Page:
Can anything be done? I think physics can help, by undermining features of our picture of matter that make it appear so totally different from consciousness. The first step is very simple: to begin with, perhaps, one takes it that matter is simply solid stuff, uniform, non-particulate (the ultimate Norwegian cheese). Then one learns that it is composed of distinct atoms -- solid particles that cohere closely together to make up objects, but that have empty space (roughly speaking) between them. Then one learns that these atoms are themselves made up of tiny, separate particles, and full of empty space themselves. One learns that matter is not at all what one thought.

    Now one may accept this while retaining the idea that matter is at root solid, dense lumpen stuff, utterly different from consciousness. For so far this picture preserves the idea that there are true particles of matter: tiny grainy bits of ultimate stuff that are in themselves truly solid. And one may say that only these, strictly speaking, are matter -- matter as such. But it's been a long time since the 18th-century philosopher-chemist Joseph Priestley pointed out that there are no scientific grounds for supposing that the fundamental constituents of matter have any truly solid central part, and the picture of grainy, inert particles has effectively disappeared in the strangenesses of modern quantum theory and superstring theory.

    Current physics, then, thinks of matter as a thing of forces, energy, fields. And it can also seem natural to think of consciousness as a form or manifestation of energy, as a kind of force, and even, perhaps, as a kind of field. You may still feel the two things are deeply heterogeneous, but you really have no good reason to believe this. You just don't know enough about matter. When McGinn speaks of the ''squishy'' brain, he vividly expresses part of our ordinary idea of matter. But when physics inspects the volume of space-time occupied by a brain, what does it find? It finds a vibrant play of energy, an astonishingly insubstantial, radiant form.

    All this being so, do we have any good reason to think that we know anything about the physical that legitimates surprise at the thought that consciousness is itself wholly physical? We do not. And that is the first, crucial step that one must take when facing up to the problem of consciousness.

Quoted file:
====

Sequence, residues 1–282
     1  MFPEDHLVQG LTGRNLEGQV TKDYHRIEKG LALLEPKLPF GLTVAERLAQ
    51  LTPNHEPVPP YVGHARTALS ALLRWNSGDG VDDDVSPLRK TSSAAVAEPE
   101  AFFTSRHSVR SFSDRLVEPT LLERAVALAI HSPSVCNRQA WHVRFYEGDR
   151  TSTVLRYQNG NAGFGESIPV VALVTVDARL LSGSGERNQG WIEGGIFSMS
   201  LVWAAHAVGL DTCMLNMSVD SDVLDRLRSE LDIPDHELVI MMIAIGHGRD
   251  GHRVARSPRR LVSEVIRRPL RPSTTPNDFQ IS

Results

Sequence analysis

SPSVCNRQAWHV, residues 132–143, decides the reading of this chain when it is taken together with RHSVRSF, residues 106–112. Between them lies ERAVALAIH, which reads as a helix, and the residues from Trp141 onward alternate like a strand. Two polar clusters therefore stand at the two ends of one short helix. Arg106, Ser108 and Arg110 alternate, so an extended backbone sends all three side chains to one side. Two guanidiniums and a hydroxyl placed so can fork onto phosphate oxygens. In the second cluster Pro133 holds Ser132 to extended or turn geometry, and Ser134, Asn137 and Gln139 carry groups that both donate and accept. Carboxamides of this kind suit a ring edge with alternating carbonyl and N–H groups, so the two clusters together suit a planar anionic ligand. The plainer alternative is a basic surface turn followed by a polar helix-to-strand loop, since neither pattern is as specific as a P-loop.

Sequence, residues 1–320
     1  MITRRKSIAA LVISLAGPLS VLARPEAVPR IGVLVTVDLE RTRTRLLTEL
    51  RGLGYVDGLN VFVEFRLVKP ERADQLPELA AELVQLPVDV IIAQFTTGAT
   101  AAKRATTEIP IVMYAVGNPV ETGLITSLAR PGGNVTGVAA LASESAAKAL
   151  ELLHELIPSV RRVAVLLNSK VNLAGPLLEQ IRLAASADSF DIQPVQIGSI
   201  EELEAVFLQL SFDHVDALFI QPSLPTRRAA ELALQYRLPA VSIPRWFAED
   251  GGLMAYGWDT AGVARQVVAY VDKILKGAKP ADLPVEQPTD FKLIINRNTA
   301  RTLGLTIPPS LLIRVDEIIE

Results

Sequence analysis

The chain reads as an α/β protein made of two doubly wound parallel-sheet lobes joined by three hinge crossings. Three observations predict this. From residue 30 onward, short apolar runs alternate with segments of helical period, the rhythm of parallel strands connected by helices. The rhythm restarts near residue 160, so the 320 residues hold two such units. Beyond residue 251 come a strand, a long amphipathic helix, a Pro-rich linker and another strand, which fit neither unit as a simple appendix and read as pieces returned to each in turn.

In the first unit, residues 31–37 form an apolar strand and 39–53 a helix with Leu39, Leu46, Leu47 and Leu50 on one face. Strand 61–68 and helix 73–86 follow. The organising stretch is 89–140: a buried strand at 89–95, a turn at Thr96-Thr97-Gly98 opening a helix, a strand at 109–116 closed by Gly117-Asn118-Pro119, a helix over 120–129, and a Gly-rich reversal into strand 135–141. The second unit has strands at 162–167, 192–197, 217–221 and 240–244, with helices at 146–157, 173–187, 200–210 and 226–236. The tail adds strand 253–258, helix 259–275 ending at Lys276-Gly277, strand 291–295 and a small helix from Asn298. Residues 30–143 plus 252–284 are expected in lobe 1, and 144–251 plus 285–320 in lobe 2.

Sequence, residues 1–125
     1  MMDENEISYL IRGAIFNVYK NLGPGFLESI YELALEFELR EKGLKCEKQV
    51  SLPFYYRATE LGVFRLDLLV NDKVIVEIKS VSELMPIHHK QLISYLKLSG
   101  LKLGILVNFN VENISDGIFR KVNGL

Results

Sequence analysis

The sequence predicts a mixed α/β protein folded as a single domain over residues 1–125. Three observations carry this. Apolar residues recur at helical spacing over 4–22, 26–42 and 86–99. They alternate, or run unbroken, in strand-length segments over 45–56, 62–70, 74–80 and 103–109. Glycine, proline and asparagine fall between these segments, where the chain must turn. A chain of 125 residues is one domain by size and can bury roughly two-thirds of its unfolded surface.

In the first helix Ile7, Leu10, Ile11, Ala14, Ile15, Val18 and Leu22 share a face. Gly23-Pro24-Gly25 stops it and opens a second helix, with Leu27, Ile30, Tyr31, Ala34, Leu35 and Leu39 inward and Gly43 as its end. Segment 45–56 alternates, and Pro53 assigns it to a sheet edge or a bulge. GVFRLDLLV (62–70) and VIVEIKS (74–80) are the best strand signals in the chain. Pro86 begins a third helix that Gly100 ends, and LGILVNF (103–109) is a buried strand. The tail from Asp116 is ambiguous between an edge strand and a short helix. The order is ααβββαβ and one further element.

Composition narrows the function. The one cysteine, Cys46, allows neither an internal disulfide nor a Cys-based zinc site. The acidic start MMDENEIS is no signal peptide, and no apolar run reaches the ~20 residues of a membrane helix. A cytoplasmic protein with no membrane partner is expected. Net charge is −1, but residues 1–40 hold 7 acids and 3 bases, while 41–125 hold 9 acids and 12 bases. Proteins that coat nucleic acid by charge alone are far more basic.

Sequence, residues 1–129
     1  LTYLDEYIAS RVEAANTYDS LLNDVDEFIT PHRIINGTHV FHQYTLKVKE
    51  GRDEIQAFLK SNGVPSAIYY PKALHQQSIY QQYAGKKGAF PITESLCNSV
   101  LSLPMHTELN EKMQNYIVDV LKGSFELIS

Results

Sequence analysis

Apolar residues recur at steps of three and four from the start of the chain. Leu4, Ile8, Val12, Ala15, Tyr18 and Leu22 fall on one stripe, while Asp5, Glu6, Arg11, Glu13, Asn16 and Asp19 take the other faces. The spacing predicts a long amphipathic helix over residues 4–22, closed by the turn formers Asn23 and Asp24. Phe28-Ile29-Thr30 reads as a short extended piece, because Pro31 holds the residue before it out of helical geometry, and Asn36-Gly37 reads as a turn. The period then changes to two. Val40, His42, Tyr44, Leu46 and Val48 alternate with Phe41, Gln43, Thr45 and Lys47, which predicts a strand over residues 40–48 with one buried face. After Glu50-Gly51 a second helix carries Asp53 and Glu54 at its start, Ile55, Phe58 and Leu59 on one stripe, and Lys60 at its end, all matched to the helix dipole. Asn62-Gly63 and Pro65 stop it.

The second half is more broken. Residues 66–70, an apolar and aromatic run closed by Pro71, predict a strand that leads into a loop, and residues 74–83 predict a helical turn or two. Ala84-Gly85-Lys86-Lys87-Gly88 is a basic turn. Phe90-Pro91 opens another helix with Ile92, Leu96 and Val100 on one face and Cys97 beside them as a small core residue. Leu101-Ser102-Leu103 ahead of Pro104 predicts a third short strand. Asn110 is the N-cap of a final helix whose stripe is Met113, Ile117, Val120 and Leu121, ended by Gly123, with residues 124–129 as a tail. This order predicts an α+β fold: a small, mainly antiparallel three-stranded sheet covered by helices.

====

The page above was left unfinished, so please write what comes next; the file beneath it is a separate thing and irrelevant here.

I'm not sure how much further we can go -- McGinn is right about the limits on our understanding -- but the main problem lies in our understanding of matter. We have a lot of mathematical equations describing the behavior of matter, but we don't really know anything more about its intrinsic nature. The only other clue that we have about its intrinsic nature, in fact, is that when you arrange it in the way that it is arranged in things like brains, you get consciousness. Perhaps Bertrand Russell was right when he conjectured, more than 70 years ago, that ''we know nothing about the intrinsic quality of physical events except when these are mental events that we directly experience.''

    It is not easy to hold onto this line of thought (it requires a kind of meditative effort), but it's the way to go, and all the elements needed to take it further are available in ''The Mysterious Flame.'' It shows that there is nothing to be surprised about when it comes to consciousness, although there is a very great deal we don't understand. It deepens one's feeling for the material world -- the only world there is.

    McGinn makes a few errors. He locates David Hume in the wrong century, and credits him with a dictum that Aquinas got from Aristotle. He falls 2,000 years short when citing the view that ''God created the physical universe some 4,000 years ago,'' and is tripped from behind by Steven Pinker, who praises him for an ''explanation of consciousness that is . . . endlessly thought-provoking'' on the dust jacket of a book devoted to showing that we cannot explain consciousness. I think his central notion of explanation is mistaken, and disagree with his claim that the problems posed by the notions of self, death and free will are as intractable as the problem of understanding the relation between consciousness and matter. But I do not think that there is any better introduction to the problem of consciousness than this.

    Galen Strawson is a fellow of Jesus College, Oxford. His most recent book is ''Mental Reality.''